Something is amiss on streets and highways in Minnesota.

The state Office of Traffic Safety is urging motorists to slow down as Minnesota edges toward a recent high of traffic deaths. To date, nearly 400 have died on Minnesota roads and highways, setting a pace to be the deadliest year since 2007. Meanwhile, troopers and others in law enforcement are seeing an increase in all sorts of risky driving behaviors.

The Minnesota Department of Public Safety last month declared Minnesota’s rising fatality count an “ongoing crisis.”

“If 321 traffic deaths by September sounds high, it is,” the DPS wrote on its blog. “It's a 25% increase over deaths this time last year and a 30% increase over this time in 2019. People are dying on Minnesota roads in record numbers, and we're doing everything we can to stop it. But we can't do it without your help.”

Since that post, another 70 people have died on Minnesota’s roads. Speed is the leading factor.

Newsletter signup for email alerts

In response, the Minnesota DPS, Minnesota Safety Council, AAA and other groups recently said they plan to take an education campaign to employers around the state to remind motorists about safe driving habits.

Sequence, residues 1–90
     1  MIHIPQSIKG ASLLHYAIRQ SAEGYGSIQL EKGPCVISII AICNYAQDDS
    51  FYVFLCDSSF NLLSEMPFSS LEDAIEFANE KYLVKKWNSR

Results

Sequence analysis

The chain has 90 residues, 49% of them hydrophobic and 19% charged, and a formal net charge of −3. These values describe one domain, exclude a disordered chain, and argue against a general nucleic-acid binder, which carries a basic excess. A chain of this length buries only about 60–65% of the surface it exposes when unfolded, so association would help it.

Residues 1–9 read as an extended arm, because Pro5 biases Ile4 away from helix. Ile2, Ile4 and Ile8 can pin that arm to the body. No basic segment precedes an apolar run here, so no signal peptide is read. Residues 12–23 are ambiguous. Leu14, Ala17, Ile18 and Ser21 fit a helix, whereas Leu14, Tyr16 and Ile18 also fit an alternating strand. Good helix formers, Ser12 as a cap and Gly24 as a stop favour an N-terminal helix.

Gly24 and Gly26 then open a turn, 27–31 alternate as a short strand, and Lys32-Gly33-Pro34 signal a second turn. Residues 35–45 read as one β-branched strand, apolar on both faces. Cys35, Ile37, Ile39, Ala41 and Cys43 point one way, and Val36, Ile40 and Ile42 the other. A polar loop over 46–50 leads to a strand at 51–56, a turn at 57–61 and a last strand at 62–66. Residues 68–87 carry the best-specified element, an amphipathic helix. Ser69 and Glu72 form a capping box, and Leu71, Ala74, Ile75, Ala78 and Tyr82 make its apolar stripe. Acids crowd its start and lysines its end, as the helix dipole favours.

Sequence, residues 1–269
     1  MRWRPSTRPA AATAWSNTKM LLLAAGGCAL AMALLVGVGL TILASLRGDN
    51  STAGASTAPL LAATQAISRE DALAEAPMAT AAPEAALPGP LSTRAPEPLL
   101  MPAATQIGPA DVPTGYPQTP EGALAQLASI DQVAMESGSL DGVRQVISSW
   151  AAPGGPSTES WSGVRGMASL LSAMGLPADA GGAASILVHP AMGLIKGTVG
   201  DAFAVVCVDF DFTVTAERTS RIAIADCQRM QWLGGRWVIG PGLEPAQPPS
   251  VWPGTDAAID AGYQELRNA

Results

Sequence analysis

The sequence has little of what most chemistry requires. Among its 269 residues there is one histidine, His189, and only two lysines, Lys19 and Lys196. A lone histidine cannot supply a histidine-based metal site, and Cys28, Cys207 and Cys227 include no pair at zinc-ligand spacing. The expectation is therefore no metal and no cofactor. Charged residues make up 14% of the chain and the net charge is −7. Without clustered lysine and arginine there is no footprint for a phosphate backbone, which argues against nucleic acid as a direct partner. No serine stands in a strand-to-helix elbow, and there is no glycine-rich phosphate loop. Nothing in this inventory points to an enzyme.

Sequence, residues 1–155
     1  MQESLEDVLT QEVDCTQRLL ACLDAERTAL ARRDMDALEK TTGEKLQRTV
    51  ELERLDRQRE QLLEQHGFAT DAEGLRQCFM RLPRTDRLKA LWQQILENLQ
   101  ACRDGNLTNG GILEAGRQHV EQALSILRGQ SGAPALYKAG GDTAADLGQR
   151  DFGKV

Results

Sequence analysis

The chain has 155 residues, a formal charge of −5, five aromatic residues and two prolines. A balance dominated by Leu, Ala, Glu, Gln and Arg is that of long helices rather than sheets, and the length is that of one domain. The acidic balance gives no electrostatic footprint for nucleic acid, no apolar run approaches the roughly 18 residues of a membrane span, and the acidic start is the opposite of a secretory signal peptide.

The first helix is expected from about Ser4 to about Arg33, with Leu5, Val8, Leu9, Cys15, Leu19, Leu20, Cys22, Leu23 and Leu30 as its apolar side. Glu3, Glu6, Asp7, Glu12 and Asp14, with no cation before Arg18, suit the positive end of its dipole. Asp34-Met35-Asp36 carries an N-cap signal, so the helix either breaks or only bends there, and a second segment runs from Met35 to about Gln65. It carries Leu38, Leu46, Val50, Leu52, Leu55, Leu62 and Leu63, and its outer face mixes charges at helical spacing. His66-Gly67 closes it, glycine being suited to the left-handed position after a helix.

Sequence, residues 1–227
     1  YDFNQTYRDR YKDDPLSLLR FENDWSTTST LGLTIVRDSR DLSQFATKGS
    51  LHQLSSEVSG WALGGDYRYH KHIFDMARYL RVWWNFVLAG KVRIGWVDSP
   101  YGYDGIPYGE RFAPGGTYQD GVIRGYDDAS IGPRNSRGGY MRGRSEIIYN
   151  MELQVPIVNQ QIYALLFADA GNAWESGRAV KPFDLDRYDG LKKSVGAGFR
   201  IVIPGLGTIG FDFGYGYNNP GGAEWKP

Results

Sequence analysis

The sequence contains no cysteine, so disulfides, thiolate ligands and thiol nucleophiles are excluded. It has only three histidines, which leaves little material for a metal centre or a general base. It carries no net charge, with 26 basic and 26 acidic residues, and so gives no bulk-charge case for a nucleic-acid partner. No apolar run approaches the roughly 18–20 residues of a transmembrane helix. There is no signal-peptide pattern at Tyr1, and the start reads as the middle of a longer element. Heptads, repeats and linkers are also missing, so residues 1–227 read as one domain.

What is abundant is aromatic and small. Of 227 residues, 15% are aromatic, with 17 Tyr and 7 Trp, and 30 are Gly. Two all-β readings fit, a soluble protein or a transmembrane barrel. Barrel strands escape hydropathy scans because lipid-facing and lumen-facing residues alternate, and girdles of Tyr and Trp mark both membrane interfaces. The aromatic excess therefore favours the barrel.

Why employers? They say employers have a broad reach and are trusted. So employers are being asked to use typical means of company communication – emails, newsletters, posters and the like – to educate employees about the dangers of speeding.

And here’s a twist: For some reason, Minnesota drivers are practicing an array of risky behaviors at greater rates than in recent years. Among them are driving without a seatbelt, driving while under the influence and driving while distracted.

In a recent report by the Star Tribune, Minnesota State Patrol Col. Matt Langer said “troopers have never seen driving behavior this poor.”

In the same report, Langer said he assumed the pandemic would result in a drop in traffic deaths, since fewer people have been on the roads. Instead, law enforcement agencies have seen increases in crashes and risky driving. Apparently, it’s a nationwide trend.

We suggest employers take the advice of the Department of Public Safety and remind workers of the perils of risky road behaviors.

As Langer said in a recent Forum News Service report: “It's simple: Drive the speed limit, pay attention, don't drink and drive, and wear your seatbelt every single time you get in the vehicle. Those four simple things are all that we need to do in order to drastically reduce and, in fact, almost eliminate traffic crashes on our roads, especially fatal ones."

But there’s only so much that can be accomplished through a boss’s reminder. If the trend continues, Minnesota – and other states – must strongly consider higher fines for the risky behaviors that endanger us all.

If risky drivers won’t heed reminders, public service announcements and the simply grisly statistics, hitting them in their pocketbook remains the best option.

This other view is the opinion of the editorial board of our sister publication, the Grand Forks Herald.